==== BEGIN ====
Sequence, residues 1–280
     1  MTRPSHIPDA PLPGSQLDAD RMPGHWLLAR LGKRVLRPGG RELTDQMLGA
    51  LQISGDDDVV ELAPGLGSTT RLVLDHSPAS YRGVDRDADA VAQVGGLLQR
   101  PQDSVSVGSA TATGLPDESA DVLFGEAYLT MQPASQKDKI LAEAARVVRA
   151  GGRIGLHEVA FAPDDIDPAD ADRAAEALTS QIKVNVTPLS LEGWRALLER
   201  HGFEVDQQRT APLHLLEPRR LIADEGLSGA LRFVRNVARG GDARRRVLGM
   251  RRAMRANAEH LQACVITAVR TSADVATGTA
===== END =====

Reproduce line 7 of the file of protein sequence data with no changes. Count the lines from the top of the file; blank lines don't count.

   251  RRAMRANAEH LQACVITAVR TSADVATGTA